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Special: These theses that change life

It is a recognized fact that PhDs bring undoubted talents and innovative skills to the world of enterprise. UTC has chosen to present - in text, videos and humoristic photos - some theses that have led to highly beneficial applications in our day-to-day life. We’d like to think that you, the entrepreneurs will be inspired to trust PhDs as recruiting officers do all around the world nowadays!

Special: These theses that change life

Information and Systems Technologies: safety factors and energy saving for wireless sensors

It has a small memory, a small processor and a small battery … indeed these sensors have everything on small-scale, especially when they are installed in network configuration and this opens up very wide horizons for both research scientists and industrialists. “The military can use them, for instance, in air-drops over battle fields”, explains Walid Bechkit. “The sensors can be deployed in a random fashion, then organize themselves to carry out surveillance missions and transmit data back up the command chain”.   On a more pacific level, sensors were dropped in the USA into forest fire zones. “We can also work with devices that are carefully placed, for example, to monitor hospital or out-patients, senior citizens or to control buildings”, adds Walid Bechkit, who made the choice to join the UTC-Heudiasyc Laboratory obtaining his PhD in 2009, after first completing his engineering cursus, majoring in computer science and doing his end-of-studies dissertation, on wireless network sensors. 

After examining some routing problems (data routing) for his end-of-studies dissertation, the young PhD student worked on energy and safety issues. “Sensor networks often relate to sensitive areas: consequently, we must be able to cypher the data”. Existing devices used to transmit data safely over Internet require large amounts of power consumption. “My contribution consisted in proposing a smart network building protocol that can be applied intelligently to sets of cryptographic keys which leads to less memory needs and hence lower computation time and less power consumption”.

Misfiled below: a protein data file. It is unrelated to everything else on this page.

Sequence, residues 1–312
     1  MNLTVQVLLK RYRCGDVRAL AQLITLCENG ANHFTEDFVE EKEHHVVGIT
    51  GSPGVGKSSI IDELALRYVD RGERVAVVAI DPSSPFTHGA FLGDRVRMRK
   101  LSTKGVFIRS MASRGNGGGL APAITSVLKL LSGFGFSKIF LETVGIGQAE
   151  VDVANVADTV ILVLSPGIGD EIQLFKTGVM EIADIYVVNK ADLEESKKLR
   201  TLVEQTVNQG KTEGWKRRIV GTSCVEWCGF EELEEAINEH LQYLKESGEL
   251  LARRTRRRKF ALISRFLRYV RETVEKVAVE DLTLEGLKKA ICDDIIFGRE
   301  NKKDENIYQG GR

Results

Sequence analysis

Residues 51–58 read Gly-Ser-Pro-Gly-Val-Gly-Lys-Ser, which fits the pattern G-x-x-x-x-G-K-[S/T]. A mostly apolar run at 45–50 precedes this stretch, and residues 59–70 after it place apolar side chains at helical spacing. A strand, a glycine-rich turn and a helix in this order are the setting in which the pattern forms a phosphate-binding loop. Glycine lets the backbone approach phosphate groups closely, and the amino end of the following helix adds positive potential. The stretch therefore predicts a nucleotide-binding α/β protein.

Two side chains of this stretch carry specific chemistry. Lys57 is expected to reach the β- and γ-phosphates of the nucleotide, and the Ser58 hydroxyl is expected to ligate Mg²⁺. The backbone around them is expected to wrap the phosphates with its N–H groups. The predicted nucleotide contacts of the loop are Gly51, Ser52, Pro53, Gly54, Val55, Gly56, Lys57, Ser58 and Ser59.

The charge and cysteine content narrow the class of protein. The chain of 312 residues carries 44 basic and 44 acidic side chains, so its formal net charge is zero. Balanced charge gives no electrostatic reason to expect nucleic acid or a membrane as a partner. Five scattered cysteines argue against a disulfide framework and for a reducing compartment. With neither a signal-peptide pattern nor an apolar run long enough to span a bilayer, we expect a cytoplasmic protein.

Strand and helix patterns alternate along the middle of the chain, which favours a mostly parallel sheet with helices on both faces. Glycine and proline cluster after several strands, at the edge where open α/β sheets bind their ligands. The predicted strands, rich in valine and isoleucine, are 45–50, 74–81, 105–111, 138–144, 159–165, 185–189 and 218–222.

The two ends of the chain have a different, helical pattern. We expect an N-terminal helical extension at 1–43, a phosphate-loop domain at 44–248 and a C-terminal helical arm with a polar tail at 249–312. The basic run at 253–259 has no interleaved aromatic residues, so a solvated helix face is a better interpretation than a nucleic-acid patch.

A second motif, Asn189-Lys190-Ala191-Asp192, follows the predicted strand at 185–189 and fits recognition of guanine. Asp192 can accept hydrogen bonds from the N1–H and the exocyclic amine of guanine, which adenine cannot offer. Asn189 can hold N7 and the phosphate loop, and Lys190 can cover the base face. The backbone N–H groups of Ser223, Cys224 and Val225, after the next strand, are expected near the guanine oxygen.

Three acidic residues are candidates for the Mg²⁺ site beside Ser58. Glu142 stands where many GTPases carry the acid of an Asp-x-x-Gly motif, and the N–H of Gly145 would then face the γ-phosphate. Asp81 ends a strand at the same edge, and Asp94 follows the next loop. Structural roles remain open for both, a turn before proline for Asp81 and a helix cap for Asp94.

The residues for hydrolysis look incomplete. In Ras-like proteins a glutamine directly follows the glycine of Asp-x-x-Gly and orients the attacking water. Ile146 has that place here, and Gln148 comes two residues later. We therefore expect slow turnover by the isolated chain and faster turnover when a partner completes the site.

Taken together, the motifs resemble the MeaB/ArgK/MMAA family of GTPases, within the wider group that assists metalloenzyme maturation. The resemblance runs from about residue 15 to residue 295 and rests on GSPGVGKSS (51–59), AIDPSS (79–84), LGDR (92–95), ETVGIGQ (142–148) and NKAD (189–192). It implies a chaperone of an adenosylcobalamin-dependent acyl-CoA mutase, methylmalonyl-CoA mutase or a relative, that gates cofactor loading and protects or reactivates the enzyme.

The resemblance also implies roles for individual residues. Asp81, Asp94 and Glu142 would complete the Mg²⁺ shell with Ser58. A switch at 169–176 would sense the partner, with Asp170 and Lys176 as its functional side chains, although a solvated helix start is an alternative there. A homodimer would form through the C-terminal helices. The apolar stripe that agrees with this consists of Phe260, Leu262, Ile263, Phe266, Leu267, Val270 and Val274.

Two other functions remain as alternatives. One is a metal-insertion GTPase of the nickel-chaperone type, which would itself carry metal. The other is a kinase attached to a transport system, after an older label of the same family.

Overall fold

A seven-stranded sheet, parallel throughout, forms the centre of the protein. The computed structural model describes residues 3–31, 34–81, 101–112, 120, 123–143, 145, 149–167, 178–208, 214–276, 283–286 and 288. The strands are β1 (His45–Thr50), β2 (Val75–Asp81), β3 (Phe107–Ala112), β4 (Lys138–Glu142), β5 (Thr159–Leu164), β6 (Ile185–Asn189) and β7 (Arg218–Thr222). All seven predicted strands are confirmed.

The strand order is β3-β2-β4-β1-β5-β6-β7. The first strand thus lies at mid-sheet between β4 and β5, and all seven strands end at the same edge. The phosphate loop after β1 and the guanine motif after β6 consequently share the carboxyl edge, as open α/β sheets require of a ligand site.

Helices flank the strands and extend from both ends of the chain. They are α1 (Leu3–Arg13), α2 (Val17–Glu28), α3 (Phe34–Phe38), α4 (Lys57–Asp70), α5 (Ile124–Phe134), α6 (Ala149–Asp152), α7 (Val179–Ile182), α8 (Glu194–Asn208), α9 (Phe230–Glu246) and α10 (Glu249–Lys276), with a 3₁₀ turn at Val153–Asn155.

In parallel, research scientist Bechkit has been working on the Agrosens project sup on the question of sensor energy capacities, supported by the Picardie Region. Placed in a field and connected to a probe these USB-key sized sensors provide and transmit very accurate data as to ambient temperatures and humidity levels. “These networks allow us to have predictive models for crop disorders such as mildew for potatoes and to be able to monitor real-time appearance”.  The sensors can be used also to identify the optimal moment to harvest or to predict the exact amount of water needs for a self-standing irrigation. The only drawback that the low power level of each sensor allows it to transmit only up to a limit of 100 meters. “Consequently, we proposed multi-jump routing models to cover large arable surfaces”. 

During their investigations, the research scientists noted that higher temperatures lower the maximum transmission range. They therefore prepared a protocol to adapt the sensor network to temperature changes. “Generally speaking, we observe that the networks are always over-scaled”, details Walid Bechkit. “Our protocol enables the operators to lower the transmission level when the temperatures drop and that alone leads to substantial energy savings”. A first approach to putting a number of nodes (the term used by scientists) in standby mode led to a drop of some 20% of electric power consumption.

Autonomy is a key when it comes to deploying sensors. Walid Bechkit, who today hold a position as senior lecturer at INSA-Lyon, is still working on sensors, focusing more, however, on the urban models to monitor factors such as pollution levels.